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This article was published 30/10/2020 (194 days ago), so information in it may no longer be current.
Manitoba’s fight to contain the rapid spread of COVID-19 will ramp up Monday, as the province’s top doctor ordered a partial shutdown for the Winnipeg region after weeks of distressing daily case counts — including a record-shattering 480 on Friday.
In addition to pushing Manitoba over the 5,000 total case mark, the province had a troubling five-day test positivity rate of 8.6 per cent and three more deaths were recorded, raising the death toll to 65 since mid-March.
The province’s intensive care units were at 96 per cent capacity on Friday morning; 68 of the 71 critical care beds in Winnipeg were occupied. A record 104 people were in hospital fighting the disease, including 19 in intensive care.
"You can see just these numbers in the last week, the strain on our health care system, that we’re left with no choice," chief provincial public health officer Dr. Brent Roussin said. "We have to deal with this virus and the transmission now."
"We have to get things back under control here."
As of Monday at 12:01 a.m., the Winnipeg metropolitan region will be elevated to red-critical on the pandemic response system, for two weeks.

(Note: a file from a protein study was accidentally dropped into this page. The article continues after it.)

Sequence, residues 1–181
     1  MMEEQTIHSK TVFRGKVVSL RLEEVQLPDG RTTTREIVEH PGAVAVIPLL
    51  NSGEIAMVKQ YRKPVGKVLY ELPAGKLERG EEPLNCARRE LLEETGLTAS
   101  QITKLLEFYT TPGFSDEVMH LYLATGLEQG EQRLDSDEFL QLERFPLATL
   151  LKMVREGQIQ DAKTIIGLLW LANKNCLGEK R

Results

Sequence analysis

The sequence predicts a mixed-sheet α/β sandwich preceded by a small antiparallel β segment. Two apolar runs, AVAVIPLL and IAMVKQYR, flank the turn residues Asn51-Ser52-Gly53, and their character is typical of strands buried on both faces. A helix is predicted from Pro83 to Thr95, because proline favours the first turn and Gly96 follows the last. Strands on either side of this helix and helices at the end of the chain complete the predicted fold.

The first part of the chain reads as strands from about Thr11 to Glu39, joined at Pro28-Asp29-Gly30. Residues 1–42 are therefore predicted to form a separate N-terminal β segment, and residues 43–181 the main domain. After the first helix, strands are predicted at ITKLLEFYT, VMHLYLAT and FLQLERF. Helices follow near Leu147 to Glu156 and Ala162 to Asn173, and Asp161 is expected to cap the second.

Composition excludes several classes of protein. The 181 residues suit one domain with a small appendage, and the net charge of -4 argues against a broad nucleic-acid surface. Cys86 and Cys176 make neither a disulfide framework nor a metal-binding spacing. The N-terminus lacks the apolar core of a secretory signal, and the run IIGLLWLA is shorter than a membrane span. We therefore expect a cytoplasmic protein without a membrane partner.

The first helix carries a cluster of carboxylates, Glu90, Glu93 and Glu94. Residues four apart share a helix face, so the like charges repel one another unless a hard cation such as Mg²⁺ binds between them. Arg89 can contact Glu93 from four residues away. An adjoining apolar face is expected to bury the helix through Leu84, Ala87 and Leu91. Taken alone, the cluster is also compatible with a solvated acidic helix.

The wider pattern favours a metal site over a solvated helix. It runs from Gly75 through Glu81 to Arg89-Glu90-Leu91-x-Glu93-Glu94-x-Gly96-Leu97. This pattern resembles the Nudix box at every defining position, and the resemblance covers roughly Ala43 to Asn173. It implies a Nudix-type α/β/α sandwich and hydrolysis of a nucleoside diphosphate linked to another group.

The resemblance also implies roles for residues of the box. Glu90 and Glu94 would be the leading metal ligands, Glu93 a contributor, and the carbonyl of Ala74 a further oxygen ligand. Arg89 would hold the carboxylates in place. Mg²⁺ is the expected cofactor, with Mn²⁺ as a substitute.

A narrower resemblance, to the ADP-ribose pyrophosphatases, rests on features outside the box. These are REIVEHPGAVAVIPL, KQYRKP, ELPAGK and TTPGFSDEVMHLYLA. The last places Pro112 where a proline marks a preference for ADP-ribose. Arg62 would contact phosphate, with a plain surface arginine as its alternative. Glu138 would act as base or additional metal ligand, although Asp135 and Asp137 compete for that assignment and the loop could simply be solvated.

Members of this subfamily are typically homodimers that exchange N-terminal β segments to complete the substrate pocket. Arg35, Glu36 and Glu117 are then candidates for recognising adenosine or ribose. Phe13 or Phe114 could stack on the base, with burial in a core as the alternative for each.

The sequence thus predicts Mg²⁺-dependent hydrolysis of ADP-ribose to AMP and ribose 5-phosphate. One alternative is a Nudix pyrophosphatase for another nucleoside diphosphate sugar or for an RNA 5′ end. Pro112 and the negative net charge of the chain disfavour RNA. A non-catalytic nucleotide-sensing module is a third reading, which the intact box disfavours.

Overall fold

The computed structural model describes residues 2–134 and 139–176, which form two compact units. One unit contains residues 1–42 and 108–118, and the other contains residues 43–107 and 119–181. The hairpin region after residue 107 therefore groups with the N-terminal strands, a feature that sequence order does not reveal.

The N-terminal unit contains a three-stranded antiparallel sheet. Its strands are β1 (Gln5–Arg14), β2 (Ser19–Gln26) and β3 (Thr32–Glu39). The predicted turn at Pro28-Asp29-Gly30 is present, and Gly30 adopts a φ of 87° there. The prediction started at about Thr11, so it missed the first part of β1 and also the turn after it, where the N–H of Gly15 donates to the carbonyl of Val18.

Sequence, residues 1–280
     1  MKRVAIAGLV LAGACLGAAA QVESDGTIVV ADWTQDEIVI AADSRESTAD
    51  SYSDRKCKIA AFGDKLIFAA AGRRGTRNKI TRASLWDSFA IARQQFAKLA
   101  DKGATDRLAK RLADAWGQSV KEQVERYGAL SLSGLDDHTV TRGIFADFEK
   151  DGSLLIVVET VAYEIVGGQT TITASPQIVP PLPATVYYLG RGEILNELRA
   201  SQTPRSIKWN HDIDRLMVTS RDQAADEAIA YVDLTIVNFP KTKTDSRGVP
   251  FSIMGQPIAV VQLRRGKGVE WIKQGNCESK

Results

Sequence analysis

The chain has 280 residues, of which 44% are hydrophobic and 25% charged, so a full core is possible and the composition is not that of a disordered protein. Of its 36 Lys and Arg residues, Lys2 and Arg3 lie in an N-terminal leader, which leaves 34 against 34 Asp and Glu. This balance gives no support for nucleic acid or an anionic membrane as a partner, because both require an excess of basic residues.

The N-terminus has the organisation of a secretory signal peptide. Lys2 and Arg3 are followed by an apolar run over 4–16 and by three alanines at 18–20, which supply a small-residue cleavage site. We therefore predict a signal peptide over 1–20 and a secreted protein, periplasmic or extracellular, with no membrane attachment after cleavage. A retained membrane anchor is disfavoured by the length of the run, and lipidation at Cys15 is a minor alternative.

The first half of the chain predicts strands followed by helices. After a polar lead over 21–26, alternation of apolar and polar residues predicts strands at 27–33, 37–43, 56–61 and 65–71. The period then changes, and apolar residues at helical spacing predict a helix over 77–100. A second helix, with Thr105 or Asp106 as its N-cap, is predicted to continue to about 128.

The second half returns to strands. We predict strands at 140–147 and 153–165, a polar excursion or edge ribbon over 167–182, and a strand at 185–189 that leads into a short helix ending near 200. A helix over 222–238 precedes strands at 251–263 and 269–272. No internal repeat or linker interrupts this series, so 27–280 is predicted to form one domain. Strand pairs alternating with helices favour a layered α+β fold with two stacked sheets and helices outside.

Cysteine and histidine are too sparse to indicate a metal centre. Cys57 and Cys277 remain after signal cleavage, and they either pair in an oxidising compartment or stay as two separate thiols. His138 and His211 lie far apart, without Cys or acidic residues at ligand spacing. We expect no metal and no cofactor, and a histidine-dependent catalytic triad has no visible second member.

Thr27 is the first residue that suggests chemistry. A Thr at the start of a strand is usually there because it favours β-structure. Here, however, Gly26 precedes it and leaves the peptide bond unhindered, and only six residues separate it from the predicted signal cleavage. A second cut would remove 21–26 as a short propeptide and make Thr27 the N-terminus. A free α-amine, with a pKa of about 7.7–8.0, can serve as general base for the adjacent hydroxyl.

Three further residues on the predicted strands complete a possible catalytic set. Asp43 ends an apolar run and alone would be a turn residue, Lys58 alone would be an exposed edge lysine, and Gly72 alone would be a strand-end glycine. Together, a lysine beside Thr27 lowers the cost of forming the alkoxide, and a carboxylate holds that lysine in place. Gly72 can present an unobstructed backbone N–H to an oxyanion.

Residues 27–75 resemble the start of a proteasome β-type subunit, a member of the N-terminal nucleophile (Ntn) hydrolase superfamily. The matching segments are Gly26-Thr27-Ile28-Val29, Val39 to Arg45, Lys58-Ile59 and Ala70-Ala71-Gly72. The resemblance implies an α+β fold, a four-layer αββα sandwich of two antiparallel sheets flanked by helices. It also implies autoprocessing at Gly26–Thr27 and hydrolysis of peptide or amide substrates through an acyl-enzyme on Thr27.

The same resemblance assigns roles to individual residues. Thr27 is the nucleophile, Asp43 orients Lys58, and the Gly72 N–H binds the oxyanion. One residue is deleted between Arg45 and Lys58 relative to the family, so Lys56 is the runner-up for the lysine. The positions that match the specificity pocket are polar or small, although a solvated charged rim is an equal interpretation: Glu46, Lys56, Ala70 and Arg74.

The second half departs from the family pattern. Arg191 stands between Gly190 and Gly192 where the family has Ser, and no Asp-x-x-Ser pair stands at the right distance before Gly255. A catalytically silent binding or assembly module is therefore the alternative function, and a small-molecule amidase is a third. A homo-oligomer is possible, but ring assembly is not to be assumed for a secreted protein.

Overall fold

Bars and restaurants can open for pickup or takeout only, recreation facilities, movie theatres, museums, galleries, libraries, concert halls and VLT lounges must close; and sports programs will be suspended. Grocery stores will continue to operate at 50 per cent capacity, and other retail stores can continue to operate at 25 per cent capacity.
Gyms and fitness centres have to reduce capacity to 25 per cent and masks are mandatory during exercising. Meanwhile, faith-based gatherings are reduced to 15 per cent capacity or 100 people, whichever is less.
The province encouraged employers in the Winnipeg region to have staff work from home.
"We need people to see how important this is," Roussin said, adding the measures will be in place for at least two weeks. "We’re confident we’re going to start seeing these numbers come down as this incubation period stretches out."
On Monday, the rest of the province will be elevated to the orange-restricted level and will have to limit group sizes to five, and restrict capacity to 50 per cent at restaurants and bars.
The new restrictions come on the heels of widespread community transmission, daily triple-digit increases in new cases, multiple COVID-19 outbreaks in vulnerable settings — including jails, personal care homes, hospitals and remote communities — and after a group of 11 physicians wrote a letter to the Manitoba government calling for a lockdown.
Roussin conceded measures implemented to date — including closing nightclubs and restricting alcohol service hours, moderate capacity reductions for retail sectors, and group size limits — have not been adequate.